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Anyone who is a fan of The Office knows that Staples is Dunder-Mifflin's biggest competitor. That's not just a mere coincidence. The Office has product placement deals with Staples, Hewlett Packard and Activision's Call of Duty computer game, among others. But the Staples deal is undoubtedly the one that is referenced the most. Not only is the brand mentioned as DM's biggest competitor, but Staples products are shown in virtually every episode. Look closely next time you watch and you could find anything from Staples-brand blank CDs to Staples-brand fax paper. A Staples shredder was even an integral part of one episode, where Kevin demonstrates the power of the shredder by using it to make a salad. While I wasn't able to find how much Staples coughs up to be featured so prominently in the show, it's clear that they are very proud of their affiliation. When one episode featured Dwight quitting his job at Staples to return to Dunder Mifflin, Staples released this memo. A company with a sense of humor? Makes me want to buy my pens there.

8. BMW Z3, GoldenEye

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James Bond is apparently one of the most powerful car salesmen in the world. After driving Aston Martins for years, 007 found himself equipped with a BMW Z3 Roadster in 1995's GoldenEye. Sure, it cost them $3 million, but people saw the movie and fell in love with the Roadster. BMW made $240 million in advance sales alone.

9. Slinky, Etch-a-Sketch, Mr. Potato Head; Toy Story

I am a testament to the power of the product placement in Toy Story. But I'll get to that in a minute. When the movie came out in 1995, classic toys like Mr. Potato Head and Slinky weren't doing so great. After being featured as characters in the Pixar/Disney film, sales soared immediately. Etch-a-Sketch saw a 4500% boost. Slinkys were no longer being produced because they weren't profitable. Post-Toy Story, Slinky received 20,000 orders, which revitalized the company. Mr. Potato Head sales jumped 800%. And that's where I come in. I am a sucker for those big displays at Disney World and Disneyland where you can go through the bin of Potato Head parts and shove as many will fit into a box for $19. I have a ridiculous number of parts, from Tinkerbell's wings to Dumbo's ears to Cruella DeVil's purse. That's double branding right there. Genius.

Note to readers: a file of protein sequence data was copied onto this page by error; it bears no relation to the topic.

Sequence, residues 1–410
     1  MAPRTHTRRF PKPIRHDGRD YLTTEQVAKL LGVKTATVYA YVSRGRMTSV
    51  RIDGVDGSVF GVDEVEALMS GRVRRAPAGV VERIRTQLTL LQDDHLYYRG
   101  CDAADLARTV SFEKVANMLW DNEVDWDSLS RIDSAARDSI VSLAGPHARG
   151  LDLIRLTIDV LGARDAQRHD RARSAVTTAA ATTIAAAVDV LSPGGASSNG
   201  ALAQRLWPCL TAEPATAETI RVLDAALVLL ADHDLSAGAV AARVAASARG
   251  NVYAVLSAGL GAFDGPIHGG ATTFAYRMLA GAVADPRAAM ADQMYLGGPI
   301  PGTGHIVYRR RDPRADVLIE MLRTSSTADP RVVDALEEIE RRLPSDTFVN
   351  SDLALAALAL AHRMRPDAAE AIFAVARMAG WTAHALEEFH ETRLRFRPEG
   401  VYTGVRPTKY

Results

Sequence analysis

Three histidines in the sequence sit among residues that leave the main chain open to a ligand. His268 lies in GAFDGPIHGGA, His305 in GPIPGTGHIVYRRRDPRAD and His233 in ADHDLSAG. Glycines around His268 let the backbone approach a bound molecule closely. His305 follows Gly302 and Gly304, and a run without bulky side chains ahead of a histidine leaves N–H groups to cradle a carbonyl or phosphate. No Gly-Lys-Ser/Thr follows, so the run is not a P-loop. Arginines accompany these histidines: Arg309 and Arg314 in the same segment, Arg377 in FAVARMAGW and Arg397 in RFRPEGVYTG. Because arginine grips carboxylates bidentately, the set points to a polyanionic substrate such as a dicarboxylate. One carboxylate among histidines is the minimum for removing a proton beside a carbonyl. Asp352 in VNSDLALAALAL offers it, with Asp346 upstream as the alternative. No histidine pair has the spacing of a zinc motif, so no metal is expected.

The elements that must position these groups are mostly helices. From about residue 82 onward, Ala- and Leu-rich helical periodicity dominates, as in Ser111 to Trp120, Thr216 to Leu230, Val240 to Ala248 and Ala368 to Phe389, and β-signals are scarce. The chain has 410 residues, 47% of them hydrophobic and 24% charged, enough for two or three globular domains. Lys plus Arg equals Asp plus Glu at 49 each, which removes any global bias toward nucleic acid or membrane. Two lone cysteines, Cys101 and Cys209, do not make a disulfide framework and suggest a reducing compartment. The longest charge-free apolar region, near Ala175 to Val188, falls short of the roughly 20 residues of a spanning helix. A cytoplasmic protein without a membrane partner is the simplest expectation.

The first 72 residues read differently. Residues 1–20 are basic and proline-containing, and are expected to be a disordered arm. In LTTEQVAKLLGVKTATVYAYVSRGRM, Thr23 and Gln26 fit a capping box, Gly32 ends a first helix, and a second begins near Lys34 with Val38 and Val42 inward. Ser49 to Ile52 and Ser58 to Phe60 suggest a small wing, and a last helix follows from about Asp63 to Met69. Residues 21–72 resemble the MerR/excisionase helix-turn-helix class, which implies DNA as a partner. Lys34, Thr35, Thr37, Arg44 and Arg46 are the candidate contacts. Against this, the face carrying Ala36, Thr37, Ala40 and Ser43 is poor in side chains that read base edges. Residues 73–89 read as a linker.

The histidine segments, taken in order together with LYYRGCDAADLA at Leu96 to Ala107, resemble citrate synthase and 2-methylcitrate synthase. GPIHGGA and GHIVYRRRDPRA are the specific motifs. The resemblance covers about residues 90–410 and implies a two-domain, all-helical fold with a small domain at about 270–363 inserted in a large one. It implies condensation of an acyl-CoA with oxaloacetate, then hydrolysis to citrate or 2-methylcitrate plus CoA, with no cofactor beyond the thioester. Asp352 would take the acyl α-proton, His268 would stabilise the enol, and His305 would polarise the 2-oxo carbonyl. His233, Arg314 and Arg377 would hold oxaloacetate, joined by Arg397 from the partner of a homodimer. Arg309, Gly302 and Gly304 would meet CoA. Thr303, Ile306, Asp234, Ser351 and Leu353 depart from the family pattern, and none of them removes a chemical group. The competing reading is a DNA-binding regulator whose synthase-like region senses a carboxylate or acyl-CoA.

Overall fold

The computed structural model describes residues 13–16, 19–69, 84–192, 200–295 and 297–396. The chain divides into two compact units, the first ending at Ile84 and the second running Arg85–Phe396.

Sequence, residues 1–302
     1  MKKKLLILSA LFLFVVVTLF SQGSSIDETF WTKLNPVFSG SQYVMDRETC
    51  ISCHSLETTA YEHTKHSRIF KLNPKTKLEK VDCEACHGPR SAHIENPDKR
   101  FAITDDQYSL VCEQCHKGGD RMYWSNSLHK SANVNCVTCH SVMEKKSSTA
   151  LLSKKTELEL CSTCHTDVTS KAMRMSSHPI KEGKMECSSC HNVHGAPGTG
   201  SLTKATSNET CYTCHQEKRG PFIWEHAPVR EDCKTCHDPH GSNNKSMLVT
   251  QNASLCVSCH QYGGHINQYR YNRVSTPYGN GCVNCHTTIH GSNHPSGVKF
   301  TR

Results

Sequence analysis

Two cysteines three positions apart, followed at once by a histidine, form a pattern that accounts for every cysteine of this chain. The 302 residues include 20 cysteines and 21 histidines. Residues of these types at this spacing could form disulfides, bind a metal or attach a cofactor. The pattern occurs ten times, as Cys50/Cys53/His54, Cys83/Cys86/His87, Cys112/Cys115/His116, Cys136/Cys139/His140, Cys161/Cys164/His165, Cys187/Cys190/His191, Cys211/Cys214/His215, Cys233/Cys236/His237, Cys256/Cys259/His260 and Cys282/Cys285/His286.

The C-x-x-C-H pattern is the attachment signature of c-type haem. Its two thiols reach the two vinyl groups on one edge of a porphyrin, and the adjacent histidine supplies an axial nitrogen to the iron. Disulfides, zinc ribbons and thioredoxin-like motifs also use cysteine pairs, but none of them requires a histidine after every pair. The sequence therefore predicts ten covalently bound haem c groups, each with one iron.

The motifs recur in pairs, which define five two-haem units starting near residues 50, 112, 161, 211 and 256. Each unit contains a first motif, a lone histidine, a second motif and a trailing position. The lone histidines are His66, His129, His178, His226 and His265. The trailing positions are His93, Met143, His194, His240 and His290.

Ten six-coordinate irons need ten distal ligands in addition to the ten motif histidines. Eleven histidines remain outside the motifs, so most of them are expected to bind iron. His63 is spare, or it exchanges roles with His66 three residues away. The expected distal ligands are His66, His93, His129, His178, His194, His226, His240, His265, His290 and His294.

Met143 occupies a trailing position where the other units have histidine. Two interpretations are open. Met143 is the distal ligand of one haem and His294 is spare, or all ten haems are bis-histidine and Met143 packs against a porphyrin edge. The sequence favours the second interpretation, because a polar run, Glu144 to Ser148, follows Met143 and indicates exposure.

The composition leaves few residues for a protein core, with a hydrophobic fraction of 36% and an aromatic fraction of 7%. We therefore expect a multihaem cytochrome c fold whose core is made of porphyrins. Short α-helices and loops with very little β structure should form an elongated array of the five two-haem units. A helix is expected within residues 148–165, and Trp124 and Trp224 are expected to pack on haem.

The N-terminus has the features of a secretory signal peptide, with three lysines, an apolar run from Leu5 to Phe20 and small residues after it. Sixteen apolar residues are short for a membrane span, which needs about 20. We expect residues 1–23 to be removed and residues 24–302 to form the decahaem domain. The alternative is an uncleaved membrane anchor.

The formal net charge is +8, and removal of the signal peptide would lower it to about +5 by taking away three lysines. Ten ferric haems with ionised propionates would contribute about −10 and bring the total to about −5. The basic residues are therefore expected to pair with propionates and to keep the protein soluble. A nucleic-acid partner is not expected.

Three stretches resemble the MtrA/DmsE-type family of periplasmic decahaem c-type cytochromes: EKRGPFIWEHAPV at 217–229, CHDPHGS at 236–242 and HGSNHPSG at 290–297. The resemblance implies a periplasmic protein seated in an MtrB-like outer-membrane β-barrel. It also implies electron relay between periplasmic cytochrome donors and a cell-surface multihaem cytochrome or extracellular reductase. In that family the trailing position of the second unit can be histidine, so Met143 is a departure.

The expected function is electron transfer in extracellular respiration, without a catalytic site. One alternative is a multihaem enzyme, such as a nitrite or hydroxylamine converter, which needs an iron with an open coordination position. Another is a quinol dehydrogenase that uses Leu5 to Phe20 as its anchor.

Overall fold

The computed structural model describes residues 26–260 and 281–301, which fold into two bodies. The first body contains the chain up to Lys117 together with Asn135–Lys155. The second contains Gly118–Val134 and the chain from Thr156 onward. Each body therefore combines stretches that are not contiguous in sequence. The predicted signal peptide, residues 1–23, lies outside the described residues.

10. Nuprin, Doritos, Pepsi, Pizza Hut, Reebok; Wayne's World

Finally, we get to my favorite. The fact that I just rattled off all of the brands featured in this brief clip from a movie that came out 16 years ago just goes to show you how effective product placement can be.

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Food
The Surprising Reason Why Wendy's Serves Fast Food's Only Baked Potato